North Texas Daily

Portable groomers go against the grain

Portable groomers go against the grain

Portable groomers go against the grain
October 01
12:41 2015

Matt Payne | Senior Staff Writer

@MattePaper

Clint Wilkinson, the owner of Bell and Oak Leather Goods within Weldon’s Saddle Shop on East Hickory Street, ran his hand through his neatly-sculpted beard as he recalled his search for a more traditional barber experience.

He recently took to Facebook to voice his desire for a local barbershop intent on not taking advantage of customers. One that took care to shave with straight-razors, paid highly specific detail to the customer’s desired hairstyle and spent as much time as needed to ensure a concrete experience.

“Our family is six generations deep in Denton,” Wilkinson said. “Living here and working at the shop my entire life, I’ve had a hard time finding places to get my hair cut and beard trimmed without feeling like all I was good for was my money.”

His long-time friend Zach Johnston commented on his status in reply, and told him to check out his Traveling Groom Parlor and Beard Emporium.

“I’ve never seen anything like it,” Wilkinson said. “They got my slicked-back hairstyle just the way I wanted it, properly groomed my beard, and everything was absolutely perfect.”

Built out of an old Matco Tools truck purchased off Craigslist, the Traveling Groom Parlor and Beard Emporium is parked next to the outside porch area of East Side Bar on Oak Street, and anybody is welcome to pay a visit without appointment from 6 p.m. to 2 a.m. Monday through Friday.

Johnston originally worked as a part-time employee with Foundry BMX and Board Shop, a business that was formerly established on Fry Street in the 80s, and would become a mechanic for several different motor shops around Denton County, becoming proficient with maintaining and modifying motor vehicles.

He would make his way into the hairstyling business years later with his wife, Jennifer Johnston, a former cosmetologist with Supercuts on Avenue C for over 10 years.

“There was a pretty wild party on Fry back in the day, where I met my wife,” Johnston said. “Over the years, we realized working as an hourly, part-time employee is a complete rip-off and that we wanted to do something special.”

After Jennifer decided she was burnt out from her days as a part-time staff member, the two began trimming hair on their own from their guest house out in Bolivar. The couple would eventually make an effort to extend their home business out of the rural side of Denton County and into the heart of Denton downtown by securing a barber’s chair in the bed of Zach’s truck.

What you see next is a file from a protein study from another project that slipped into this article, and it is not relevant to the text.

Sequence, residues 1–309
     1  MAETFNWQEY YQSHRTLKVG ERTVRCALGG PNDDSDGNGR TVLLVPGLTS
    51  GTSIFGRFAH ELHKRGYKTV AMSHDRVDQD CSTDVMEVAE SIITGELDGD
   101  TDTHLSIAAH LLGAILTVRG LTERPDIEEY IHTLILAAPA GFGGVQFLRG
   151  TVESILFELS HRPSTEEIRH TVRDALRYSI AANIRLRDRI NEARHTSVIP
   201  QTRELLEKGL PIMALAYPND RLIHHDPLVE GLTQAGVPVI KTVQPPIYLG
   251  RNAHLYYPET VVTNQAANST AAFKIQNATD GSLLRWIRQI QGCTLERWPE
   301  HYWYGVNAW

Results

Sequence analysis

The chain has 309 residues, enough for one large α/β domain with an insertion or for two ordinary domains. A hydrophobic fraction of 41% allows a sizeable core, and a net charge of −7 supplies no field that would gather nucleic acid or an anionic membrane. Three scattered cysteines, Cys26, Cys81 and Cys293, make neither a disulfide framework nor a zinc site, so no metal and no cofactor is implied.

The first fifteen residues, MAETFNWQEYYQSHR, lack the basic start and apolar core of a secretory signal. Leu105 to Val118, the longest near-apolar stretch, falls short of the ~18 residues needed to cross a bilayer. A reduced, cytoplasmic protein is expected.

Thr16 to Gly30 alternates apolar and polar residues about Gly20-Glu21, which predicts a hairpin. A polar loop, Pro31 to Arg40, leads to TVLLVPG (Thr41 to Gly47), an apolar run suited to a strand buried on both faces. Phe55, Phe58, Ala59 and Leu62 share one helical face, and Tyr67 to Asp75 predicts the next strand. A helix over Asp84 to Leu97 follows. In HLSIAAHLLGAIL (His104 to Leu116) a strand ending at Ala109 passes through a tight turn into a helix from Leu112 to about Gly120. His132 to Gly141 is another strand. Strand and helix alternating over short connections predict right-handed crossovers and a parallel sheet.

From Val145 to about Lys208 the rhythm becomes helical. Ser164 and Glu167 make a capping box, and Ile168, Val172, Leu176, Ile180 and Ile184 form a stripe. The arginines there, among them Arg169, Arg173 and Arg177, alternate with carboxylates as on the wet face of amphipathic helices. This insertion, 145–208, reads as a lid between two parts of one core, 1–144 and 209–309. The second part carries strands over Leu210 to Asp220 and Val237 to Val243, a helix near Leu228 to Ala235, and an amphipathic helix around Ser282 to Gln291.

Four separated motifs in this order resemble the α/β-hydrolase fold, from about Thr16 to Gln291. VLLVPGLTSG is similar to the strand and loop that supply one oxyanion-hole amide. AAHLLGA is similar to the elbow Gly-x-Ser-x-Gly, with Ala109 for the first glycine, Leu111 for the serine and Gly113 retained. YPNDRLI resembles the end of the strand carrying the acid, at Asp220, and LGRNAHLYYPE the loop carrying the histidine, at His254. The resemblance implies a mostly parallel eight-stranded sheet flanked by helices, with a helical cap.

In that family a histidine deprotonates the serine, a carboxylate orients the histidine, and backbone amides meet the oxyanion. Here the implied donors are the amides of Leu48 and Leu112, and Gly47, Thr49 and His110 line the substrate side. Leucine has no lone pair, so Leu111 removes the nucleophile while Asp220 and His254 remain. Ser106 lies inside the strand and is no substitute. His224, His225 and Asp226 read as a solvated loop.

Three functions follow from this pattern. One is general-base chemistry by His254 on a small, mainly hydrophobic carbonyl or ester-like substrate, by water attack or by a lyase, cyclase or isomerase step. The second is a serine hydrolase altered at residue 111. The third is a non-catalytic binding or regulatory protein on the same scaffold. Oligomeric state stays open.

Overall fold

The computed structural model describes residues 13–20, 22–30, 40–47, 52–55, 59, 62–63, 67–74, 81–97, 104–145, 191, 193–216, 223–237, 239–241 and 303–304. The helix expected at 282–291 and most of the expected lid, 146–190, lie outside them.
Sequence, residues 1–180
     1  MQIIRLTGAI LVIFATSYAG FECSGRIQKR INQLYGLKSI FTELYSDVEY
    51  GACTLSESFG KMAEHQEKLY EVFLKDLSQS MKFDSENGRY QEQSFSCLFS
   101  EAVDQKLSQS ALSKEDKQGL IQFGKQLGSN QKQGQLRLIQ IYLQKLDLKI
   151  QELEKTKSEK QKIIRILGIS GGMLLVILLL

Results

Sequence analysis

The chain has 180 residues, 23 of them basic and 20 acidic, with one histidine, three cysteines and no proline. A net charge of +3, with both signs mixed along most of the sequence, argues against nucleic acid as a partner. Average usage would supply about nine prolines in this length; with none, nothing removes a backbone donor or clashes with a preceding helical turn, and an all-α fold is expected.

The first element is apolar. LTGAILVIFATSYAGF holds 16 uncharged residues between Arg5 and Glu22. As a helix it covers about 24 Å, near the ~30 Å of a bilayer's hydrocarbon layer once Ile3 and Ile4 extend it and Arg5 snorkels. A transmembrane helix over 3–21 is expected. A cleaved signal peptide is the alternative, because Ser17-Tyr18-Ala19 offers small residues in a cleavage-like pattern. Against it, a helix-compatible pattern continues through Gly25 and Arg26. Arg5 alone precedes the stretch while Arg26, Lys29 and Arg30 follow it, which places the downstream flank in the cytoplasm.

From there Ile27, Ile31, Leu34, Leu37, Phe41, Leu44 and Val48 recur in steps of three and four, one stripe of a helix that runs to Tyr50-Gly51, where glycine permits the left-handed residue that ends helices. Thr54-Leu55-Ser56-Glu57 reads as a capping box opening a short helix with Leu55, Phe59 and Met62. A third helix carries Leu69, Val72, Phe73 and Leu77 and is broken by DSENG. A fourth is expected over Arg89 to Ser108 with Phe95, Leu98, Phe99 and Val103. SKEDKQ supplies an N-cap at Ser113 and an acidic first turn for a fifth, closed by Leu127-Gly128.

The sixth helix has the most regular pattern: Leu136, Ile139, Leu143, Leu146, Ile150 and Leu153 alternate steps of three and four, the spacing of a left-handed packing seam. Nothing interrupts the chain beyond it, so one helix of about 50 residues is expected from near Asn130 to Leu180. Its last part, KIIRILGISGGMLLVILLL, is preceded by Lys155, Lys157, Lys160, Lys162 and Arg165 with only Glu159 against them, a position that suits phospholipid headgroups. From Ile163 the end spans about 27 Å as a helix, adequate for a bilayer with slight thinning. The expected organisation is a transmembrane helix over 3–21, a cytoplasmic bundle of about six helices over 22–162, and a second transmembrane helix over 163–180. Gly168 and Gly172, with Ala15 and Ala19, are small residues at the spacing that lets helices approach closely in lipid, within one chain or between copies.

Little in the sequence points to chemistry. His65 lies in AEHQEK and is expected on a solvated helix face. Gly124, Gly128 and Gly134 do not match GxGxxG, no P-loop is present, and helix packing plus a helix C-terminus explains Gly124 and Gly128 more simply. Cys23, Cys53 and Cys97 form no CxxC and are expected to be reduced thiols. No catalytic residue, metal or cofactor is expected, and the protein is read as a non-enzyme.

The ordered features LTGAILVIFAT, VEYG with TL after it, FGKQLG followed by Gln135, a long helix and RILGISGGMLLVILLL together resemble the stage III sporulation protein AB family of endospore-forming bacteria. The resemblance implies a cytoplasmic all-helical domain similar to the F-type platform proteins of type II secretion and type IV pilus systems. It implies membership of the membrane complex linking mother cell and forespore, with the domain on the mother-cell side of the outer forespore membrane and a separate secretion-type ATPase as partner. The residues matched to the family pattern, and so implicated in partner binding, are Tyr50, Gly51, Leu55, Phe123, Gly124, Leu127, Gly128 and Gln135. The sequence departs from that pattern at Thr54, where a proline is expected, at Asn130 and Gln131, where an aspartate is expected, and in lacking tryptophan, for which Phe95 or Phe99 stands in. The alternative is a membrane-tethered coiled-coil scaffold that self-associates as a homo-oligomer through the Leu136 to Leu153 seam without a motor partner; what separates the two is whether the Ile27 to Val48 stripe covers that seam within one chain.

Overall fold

They eventually found the old Matco truck he uses now, and Zach would spend four months renovating it into their shared vision of a full-fledged barbershop on wheels.

Although the shop has been open for only two months, the Emporium has seen no shortage of customers. Originally implementing an appointment-booking system, the congested agenda and demand became too overwhelming.

Customers can now visit on a whim, provide their phone number and receive a text from the shop when it’s time for their session. Staff barber Gary Barnhart prefers the system to the standard booking system used by cosmetology chains.

“It’s all friendly and casual,” Barnhart said. “We’re not a corporation, but a place for you to experience what visiting a barber is really like.”

The Emporium features products found from around the globe and several from Reuzel Pomade, a classic barber shop based out of Rotterdam, Holland. It also serves as a guiding paradigm for its own acclaimed business.

“Along with Reuzel, you can find anything over Instagram,” Barnhart said. “With the wide variety of beard oils, brushes and combs you see in our shop, we really want to maintain the traditional vibe.”

The Johnstons hope the traveling groom parlor will provide an easily accessible, traditional experience of personal grooming. Customers have the opportunity to light up a cigar perched upon the classic barber chair on the hardwood floor while sipping on a glass of whiskey.

The Emporium also implements a trading-and-bartering system if customers wish to compensate for services beyond monetary means. Customers can proposition hand-made products, offer services or anything of apparent value.

“The Bearded Lady loves to dabble in the practice of trade,” Johnston said, referring to his wife with an affectionate nickname. “Right now we’re really looking for a female goat. If you know of anybody who has a female goat, we’ll do way more than just cut your hair.”

The Johnstons have seen their passion for traditional hair grooming compile itself in what they call a “snowball” of success, and they eventually hope to expand, with traveling emporiums in regions of California, Colorado and all over the nation.

“The past two months of being in business have only exceeded our expectations,” Johnston said. “Even though we’ve gotten a few too many people thinking we’re a food truck asking for waffles, and [had] to tell them we’d trim their beard instead.”

Featured Image: Zack Johnston and Gary Barnhart pose behind their antique barber chair in the shop on wheels. Hannah Ridings | Senior Staff Photographer

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